Ronald Reagan grew up in Tampico, Ill., wandered to Iowa and fell in as an announcer with the Chicago Cubs before heading to California. There he built one of the more enduring political personas of the 20th century. George W. Bush, Texas twang though he boasts, attended a blue-blood prep school in Massachusetts and summered in Maine, where the waters are chilly and the culture tight-lipped. Dwight Eisenhower was born in Texas, moved to Kansas and came to call Pennsylvania home. Herbert Hoover spent his 20s laboring in the outback of Australia and then China. Teddy Roosevelt strapped on a six-shooter and moved to the Dakotas, the better to fashion an image as the “cowboy” president, even though he was as New York as they come.
Abraham Lincoln, the prototypical Illinoisan, was born in Kentucky and grew up impoverished in Indiana. He moved often as an adult, a loner before fate set him right.
Even the log cabin might be seen as a symbol of transience; the stone house speaks to wealth, permanence and belonging, and as often as not comes later. “Alexis de Tocqueville said Americans start building a house and leave before the roof is built,” said the historian Eric Foner of Columbia University.
Failing to strike out for unknown parts was sometimes taken as lack of gumption. To remain in a New England town square or a sun-baked cotton town in Oklahoma was to risk soul death. “And I made myself a promise when I was old enough to run, that I’d never stay a single day in the Oklahoma Sun,” Johnny Cash sang in “I Never Picked Cotton.”
None of which is to argue, precisely, that Americans are at peace with the rootless.
To drift in and out of settled society, to test its mores and laws, unsettles many. Most forbidding are the strangers who come riding out of the dust: Billy the Kid, the Dalton Brothers, Bonnie and Clyde. They are nihilistic and unanchored and, when they venture into society, they often end up killing or dead or both.
But the footloose wanderer venturing outward also risks much. “Call me Ishmael” in “Moby-Dick” is one of the great openings in American literature; the seafarer renames himself for the outcast son of Abraham, just in time for a wild and prophetic voyage. “Some years ago,” the narrator writes, “having little or no money in my purse and nothing particular to interest me on shore, I thought I would sail about a little and see the watery part of the world.” Ishmael will be the lone survivor.
Cormac McCarthy follows his noble drifters, to terrible ends. “Easy Rider” might convince anyone to smoke the joint at home and leave the motorcycle in the garage. Johnny Cash sings “I Never Picked Cotton” with a propulsive beat but with his last exhale his protagonist prepares to swing in the gallows.
It is enough to leave one wistful for the cotton fields.
“You might say Americans are conflicted within themselves,” said Andrew Delbanco, a professor of American studies at Columbia University. “There is a long and often sentimental tradition of celebrating the small town” Andy Griffith’s Mayberry “as the right kind of place to grow up and become morally solid.”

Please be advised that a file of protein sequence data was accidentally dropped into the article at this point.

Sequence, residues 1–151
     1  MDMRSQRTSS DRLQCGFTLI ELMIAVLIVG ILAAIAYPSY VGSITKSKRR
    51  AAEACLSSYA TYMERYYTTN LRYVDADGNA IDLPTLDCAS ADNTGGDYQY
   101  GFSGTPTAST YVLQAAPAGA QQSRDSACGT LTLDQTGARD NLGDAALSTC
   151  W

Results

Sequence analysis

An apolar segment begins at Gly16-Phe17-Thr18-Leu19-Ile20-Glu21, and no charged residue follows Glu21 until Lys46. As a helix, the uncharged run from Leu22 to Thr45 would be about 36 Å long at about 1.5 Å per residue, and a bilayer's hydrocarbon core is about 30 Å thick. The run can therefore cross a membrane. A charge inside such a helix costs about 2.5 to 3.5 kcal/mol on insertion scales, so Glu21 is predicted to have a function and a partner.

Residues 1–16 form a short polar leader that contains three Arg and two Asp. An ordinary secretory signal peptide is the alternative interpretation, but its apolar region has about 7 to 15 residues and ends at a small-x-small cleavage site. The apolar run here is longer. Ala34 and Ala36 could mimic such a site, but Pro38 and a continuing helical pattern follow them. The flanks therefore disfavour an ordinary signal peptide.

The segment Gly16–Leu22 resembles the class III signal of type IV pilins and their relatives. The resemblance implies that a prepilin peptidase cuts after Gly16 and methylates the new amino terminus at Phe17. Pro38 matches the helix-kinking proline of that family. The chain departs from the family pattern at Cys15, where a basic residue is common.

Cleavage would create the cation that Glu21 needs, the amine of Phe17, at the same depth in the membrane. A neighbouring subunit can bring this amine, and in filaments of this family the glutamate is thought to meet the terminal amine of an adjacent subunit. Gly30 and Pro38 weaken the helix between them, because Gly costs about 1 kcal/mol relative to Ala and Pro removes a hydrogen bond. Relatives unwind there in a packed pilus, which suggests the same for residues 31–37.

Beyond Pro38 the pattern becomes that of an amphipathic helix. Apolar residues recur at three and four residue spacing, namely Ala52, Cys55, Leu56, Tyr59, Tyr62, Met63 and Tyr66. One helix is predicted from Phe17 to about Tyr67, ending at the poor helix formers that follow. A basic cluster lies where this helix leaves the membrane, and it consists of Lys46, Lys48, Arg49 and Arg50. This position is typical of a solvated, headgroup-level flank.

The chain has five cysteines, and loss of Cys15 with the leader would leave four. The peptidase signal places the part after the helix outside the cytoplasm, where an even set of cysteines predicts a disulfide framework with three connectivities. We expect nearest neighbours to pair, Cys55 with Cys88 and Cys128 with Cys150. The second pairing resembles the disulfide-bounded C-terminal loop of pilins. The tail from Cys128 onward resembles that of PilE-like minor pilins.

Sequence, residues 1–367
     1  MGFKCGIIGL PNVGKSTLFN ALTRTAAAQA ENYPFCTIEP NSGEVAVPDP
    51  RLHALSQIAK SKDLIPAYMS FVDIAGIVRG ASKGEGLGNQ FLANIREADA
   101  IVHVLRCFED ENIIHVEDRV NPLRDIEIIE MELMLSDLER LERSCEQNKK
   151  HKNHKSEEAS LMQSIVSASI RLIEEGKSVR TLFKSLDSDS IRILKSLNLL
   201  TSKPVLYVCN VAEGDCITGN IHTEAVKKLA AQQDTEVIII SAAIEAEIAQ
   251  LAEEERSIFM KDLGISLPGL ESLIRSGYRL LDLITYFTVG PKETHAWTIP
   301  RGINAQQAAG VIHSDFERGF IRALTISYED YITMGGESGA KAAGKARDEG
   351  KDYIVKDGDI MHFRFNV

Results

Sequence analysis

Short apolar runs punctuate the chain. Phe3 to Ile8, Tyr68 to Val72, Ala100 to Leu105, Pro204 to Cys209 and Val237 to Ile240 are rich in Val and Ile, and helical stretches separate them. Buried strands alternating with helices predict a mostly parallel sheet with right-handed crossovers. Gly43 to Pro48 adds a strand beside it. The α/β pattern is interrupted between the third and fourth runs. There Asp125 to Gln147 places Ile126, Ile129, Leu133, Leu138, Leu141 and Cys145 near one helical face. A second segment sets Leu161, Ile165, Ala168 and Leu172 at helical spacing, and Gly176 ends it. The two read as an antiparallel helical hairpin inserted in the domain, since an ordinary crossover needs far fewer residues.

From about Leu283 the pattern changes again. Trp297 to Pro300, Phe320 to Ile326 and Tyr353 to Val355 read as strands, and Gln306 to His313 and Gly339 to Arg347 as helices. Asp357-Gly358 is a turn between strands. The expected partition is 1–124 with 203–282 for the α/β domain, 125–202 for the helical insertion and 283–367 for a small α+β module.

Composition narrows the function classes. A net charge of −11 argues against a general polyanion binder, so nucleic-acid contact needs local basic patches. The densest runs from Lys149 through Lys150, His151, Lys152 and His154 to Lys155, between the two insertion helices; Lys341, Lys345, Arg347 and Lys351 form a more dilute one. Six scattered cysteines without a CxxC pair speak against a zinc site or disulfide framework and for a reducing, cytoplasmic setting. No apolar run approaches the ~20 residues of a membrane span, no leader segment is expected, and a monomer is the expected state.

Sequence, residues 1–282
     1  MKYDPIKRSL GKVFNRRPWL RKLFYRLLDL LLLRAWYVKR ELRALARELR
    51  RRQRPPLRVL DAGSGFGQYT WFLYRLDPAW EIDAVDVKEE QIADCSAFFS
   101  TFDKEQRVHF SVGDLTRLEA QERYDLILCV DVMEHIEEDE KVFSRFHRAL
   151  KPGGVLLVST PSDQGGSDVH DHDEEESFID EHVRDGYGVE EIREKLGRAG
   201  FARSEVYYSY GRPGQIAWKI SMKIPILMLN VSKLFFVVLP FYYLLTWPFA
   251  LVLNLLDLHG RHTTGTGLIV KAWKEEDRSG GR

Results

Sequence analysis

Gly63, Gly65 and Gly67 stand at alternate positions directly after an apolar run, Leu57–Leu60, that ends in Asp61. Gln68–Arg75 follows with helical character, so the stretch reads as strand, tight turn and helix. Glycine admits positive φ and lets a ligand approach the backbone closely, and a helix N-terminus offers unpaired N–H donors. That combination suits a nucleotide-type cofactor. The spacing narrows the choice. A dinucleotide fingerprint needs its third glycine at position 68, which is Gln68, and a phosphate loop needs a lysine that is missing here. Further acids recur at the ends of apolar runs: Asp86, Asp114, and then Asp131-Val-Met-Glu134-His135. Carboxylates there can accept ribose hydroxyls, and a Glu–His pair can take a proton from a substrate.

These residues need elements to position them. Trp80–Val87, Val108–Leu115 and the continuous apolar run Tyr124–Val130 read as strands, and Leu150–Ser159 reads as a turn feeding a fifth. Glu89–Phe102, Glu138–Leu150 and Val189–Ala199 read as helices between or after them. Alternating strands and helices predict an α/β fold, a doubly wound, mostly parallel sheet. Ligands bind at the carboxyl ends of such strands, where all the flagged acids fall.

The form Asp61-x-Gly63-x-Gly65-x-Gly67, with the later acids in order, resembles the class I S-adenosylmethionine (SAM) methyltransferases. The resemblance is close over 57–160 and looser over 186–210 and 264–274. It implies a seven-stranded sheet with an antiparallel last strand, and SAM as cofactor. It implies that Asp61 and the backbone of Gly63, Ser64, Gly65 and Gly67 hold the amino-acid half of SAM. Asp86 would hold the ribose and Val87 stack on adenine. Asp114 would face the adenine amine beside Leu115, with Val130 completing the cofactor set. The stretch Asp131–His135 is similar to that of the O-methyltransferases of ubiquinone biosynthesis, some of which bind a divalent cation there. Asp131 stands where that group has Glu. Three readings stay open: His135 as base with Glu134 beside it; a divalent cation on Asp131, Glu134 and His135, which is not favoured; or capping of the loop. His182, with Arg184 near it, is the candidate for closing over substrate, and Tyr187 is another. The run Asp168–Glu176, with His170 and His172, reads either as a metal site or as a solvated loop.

At the same time, Mr. Delbanco notes, there is “a no less strong tradition of regarding the small town as airless and imprisoning.”
In the 1940s and 1950s , such tensions bobbed on the surface of American culture. In Washington, officials worried about how to resettle millions of young men returned from the spectacular violence of World War II. But young Beats like William Burroughs, Allen Ginsberg and Jack Kerouac celebrated the underground and anti-conformist wanderer.
The fear of the feral wanderer took cinematic flesh in “The Wild One” in 1953. “What are you rebelling against?” “What’ve you got?” responds Marlon Brando, leather jacketed, sensual and menacing.
Perhaps rootlessness is less troubling than we imagine in a national politician; certainly it has staged a bipartisan march in this election. Senator John R. McCain, the presumptive Republican nominee, is the military brat who attended more than a dozen schools as his father, an admiral, moved about. The candidate, in “A Charge to Keep,” describes the effect of such wanderings: “First made a migrant by the demands of my father’s career, in time I became self-moving, a rover by choice. In such a life, some fine things are left behind, and missed. But bad things are left behind as well.”
Mr. Obama offers a duality in this regard. He might be seen as chasing after roots. As a young man, he sought out precinct captains and ministers and tenants, and convinced the suspicious locals to teach him the ways of Chicago. He is married and never divorced, two children, a resident of the Midwestern city for two decades.
There is, too, the sneaking suspicion that describing Mr. Obama, multiracial and multiethnic, as rootless could become a surrogate for something darker. In American history, whites accused Indians of rootlessness before dispossessing them. Jews and Italians, Socialists and anarchists: all stood accused of being “the other.”
“My sense, for what it’s worth, is that the charge of ‘rootlessness’ is suspect, and has an ugly genealogy,” Mr. Delbanco said.
And yet Mr. Obama can fan the flames of his elusiveness. He talks of how Americans of many viewpoints see themselves in him. He passes months on the road, and has the restless intellect and detached eye of the author.
“The next U.S. president is going to be Ishmael, whether we like it or not, and whether he knows it or not,” said Mr. Rampersad, the Stanford professor. “Fortunately, both McCain and Obama know that they are Ishmael.”